I am convinced by what I have had the opportunity to see of co-operation and aid between Australia and some other parts of the world that one of the big problems that still faces us is in the techniques of aid administration. 1 have said this in the House before. Indeed, I said it a week or so ago when | spoke during the Commonwealth Parliamentary Association conference. I made the point that one of the difficulties we face is the fact that while so many needs exist in various parts of the world, the ability to fulfil those needs exists somewhere else. Those who have the needs are not always brought into proper contact with those who may have the ability to fulfil those needs. These are some of the things which some of the special assistance agencies attached to bodies such as the Asian Development Bank could help to promote. I am a little disappointed that the Treasurer still seems to find virtue in the fact that much of the assistance that Australia gives will return a benefit to us because of the sort of trade that we will supply. He seems to think that because we are supplying aid to these countries it is likely that they will use Australian equipment. I hope that may be the case but I hope also that it is not necessarily implied that it should be the case. I believe in these sort of transactions we should move a little more towards multi-lateral arrangements rather than bi-lateral arrangements.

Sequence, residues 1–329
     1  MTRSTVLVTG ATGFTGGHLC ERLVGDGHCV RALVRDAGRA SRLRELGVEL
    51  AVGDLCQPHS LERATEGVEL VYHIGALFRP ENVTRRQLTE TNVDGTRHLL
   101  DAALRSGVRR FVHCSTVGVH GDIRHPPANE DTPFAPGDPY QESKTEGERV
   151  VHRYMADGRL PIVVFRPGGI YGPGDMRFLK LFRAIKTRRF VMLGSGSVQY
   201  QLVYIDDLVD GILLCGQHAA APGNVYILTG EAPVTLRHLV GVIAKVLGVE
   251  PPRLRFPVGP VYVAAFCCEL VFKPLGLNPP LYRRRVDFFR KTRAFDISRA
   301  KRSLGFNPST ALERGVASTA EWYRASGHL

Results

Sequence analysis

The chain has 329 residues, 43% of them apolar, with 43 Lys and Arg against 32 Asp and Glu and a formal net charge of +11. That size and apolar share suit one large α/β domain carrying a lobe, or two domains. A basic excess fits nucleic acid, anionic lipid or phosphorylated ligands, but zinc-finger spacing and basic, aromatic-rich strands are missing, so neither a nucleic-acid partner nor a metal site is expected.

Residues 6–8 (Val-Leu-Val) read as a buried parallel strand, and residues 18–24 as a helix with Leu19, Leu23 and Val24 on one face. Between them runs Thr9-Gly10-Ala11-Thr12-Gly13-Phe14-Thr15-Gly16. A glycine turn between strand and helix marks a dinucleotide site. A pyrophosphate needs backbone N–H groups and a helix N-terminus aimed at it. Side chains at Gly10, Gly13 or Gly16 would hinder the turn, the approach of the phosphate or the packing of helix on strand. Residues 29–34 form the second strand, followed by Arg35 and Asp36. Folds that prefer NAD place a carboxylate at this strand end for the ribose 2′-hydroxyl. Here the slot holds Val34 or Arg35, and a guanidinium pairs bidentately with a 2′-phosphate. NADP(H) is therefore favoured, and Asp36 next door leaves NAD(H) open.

The Opposition commends the Bill. I am sorry that a greater opportunity is not given to honourable members to debate these matters because I think they are just as fundamental to Australia's welfare as are questions such as defence. I think that these matters ought to be given much more time for debate than has been given on this occasion.